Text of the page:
Today, this principle has evolved into the Abraaj Strategic Stakeholder Engagement Track, or ASSET, a programme which runs alongside Abraaj’s investment activities and is resourced by the firm’s ‘5+5+5’ practice: Abraaj contributes five per cent of its top-line fee income revenue to the programme, while employees are required to contribute five days of their time a year and may also volunteer five per cent of their annual bonus.
“Personally I don’t spend five days, I land up spending 20 to 25 days,” Naqvi continues. “I am continuously pushing the message, building awareness, and bringing involved thinking into the way governments, NGOs and business communities work. So my five days are not spent building a house with Habitat for Humanity. My days are spent where I think my impact is maximised: they are spent building bridges.”
In that spirit, ASSET is also the umbrella under which Abraaj has launched a number of initiatives and partnerships, including Jordan-based community empowerment organisation Ruwwad, online platform Wamda, and a strategic alliance with US-based NGO Endeavor. The latter will include the founding of an Endeavor regional hub for the MENASA (Middle East, North Africa and South Asia) region, which will be hosted by Abraaj and headquartered in Dubai. From this base the NGO – which has so far created more than 100,000 jobs and generated US$3bn (Dh11bn) in annual revenues in Latin America alone – will expand services to Egypt, Jordan, Lebanon and Turkey.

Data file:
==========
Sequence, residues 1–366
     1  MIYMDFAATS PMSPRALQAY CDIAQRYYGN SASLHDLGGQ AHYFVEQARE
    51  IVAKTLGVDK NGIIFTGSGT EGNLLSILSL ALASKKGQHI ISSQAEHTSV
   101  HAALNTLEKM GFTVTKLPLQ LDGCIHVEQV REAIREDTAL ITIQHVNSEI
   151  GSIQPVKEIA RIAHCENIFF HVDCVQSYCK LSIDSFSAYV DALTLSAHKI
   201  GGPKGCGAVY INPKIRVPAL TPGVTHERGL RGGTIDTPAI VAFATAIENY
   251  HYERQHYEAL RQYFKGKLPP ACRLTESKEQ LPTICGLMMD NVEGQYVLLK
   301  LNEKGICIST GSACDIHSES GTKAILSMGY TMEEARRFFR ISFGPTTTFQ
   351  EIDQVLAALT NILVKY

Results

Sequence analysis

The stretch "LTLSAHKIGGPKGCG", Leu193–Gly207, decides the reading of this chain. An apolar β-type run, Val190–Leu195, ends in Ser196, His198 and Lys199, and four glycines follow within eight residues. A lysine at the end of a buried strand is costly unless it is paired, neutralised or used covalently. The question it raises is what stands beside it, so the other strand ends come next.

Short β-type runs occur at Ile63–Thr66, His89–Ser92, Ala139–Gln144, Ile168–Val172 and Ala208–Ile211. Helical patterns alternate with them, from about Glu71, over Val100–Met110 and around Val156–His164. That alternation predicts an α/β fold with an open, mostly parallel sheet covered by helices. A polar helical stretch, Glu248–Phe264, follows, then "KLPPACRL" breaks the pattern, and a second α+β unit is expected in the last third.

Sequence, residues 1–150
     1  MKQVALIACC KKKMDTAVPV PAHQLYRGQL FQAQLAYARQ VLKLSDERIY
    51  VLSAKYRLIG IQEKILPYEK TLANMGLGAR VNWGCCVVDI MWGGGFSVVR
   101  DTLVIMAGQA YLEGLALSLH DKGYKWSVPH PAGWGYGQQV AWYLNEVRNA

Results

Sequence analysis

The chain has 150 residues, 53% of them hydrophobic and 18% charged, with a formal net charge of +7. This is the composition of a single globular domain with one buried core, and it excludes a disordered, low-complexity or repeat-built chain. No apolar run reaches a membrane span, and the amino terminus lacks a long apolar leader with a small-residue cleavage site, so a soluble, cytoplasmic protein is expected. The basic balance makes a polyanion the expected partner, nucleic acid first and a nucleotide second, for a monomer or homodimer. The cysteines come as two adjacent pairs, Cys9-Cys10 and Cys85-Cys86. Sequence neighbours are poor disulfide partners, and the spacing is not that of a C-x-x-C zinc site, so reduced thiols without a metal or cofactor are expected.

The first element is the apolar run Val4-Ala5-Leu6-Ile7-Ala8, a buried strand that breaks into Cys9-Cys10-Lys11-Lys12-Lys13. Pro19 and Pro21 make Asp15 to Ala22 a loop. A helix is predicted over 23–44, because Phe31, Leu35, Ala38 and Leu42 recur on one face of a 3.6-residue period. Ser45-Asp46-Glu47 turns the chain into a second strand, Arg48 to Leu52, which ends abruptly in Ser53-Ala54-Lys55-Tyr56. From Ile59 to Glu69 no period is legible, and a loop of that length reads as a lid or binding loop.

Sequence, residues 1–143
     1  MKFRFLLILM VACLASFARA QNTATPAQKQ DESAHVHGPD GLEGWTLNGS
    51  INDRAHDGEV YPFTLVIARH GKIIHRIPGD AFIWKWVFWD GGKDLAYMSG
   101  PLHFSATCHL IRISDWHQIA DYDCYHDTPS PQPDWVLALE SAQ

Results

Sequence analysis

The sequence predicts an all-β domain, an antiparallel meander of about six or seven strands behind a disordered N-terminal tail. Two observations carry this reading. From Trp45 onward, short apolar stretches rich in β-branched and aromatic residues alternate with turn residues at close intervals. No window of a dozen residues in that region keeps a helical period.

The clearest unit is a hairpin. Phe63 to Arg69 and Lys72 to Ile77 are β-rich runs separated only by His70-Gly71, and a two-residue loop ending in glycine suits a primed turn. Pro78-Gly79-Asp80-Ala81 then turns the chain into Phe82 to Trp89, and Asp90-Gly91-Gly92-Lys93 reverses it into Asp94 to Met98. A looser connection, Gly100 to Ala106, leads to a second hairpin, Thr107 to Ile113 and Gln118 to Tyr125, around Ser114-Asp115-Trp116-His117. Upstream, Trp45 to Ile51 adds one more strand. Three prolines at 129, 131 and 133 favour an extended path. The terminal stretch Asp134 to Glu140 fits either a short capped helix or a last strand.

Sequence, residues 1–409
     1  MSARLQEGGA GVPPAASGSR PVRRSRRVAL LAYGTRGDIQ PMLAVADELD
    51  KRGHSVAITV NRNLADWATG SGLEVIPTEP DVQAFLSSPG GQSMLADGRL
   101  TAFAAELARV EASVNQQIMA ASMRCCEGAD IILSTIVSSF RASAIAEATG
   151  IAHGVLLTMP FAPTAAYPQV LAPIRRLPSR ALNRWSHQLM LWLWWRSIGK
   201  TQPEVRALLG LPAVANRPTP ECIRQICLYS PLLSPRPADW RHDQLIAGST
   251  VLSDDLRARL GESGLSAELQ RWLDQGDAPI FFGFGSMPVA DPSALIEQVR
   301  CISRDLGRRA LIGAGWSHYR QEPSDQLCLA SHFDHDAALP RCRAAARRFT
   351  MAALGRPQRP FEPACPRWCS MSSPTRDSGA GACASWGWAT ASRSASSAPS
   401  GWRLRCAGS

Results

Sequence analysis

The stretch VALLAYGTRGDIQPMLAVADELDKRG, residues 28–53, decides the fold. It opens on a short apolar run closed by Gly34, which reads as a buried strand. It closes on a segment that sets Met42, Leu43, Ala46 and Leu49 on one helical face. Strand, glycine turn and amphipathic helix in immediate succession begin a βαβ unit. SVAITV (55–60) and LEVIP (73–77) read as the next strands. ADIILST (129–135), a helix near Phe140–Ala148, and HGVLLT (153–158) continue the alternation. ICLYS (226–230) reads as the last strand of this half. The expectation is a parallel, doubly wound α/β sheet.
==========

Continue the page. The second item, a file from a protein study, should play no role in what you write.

“Endeavor’s role is to identify high growth, high impact entrepreneurs,” explains Naqvi. “They believe that this region has a greater proportion of those people undiscovered than any other region in the world.”
ASSET is supported by 19 key executives within Abraaj, each of which ensures that the teams under their authority are achieving what is expected of them by Naqvi and Frederic Sicre, a former Managing Director of the World Economic Forum, and head of ASSET. And this vigilance doesn’t just extend to the 40,000 staff employed at companies directly controlled by Abraaj: any firm which joins forces with the PE giant should be prepared to contract the ASSET “virus”.
“I force them, at the point of impact when my leverage is the most, when I’m about to invest in the company, to get them to commit to embracing sustainability and ASSET,” smiles Naqvi. “Then we infect them with the virus that runs throughout our company. I need to leave that other company with the thought process that even when I sell my investment in them, they will continue down the same route and not change.”
Naqvi has been hammering relentlessly down that route for more than 15 years, during his time at Abraaj and before that the PE firm Cupola Group, which he founded in 1994. It is a path, he argues, that must be taken in order for a company to operate effectively in the 21st-century marketplace – and it’s a message from which he will not waver.
“It’s critical for companies to obtain a social or moral licence, to do the best business they can,” he says. “You need a licence to operate which is not from the municipality or the licensing authority in government; you need a licence to operate from your social communities.
“In tomorrow’s world, people will walk into a supermarket, see five different brands of a single product, and pick the one that they know does work in their local communities,” he adds. “I think that’s critically important, and the more companies embrace that social licence to operate, the more they will enjoy success going forward.”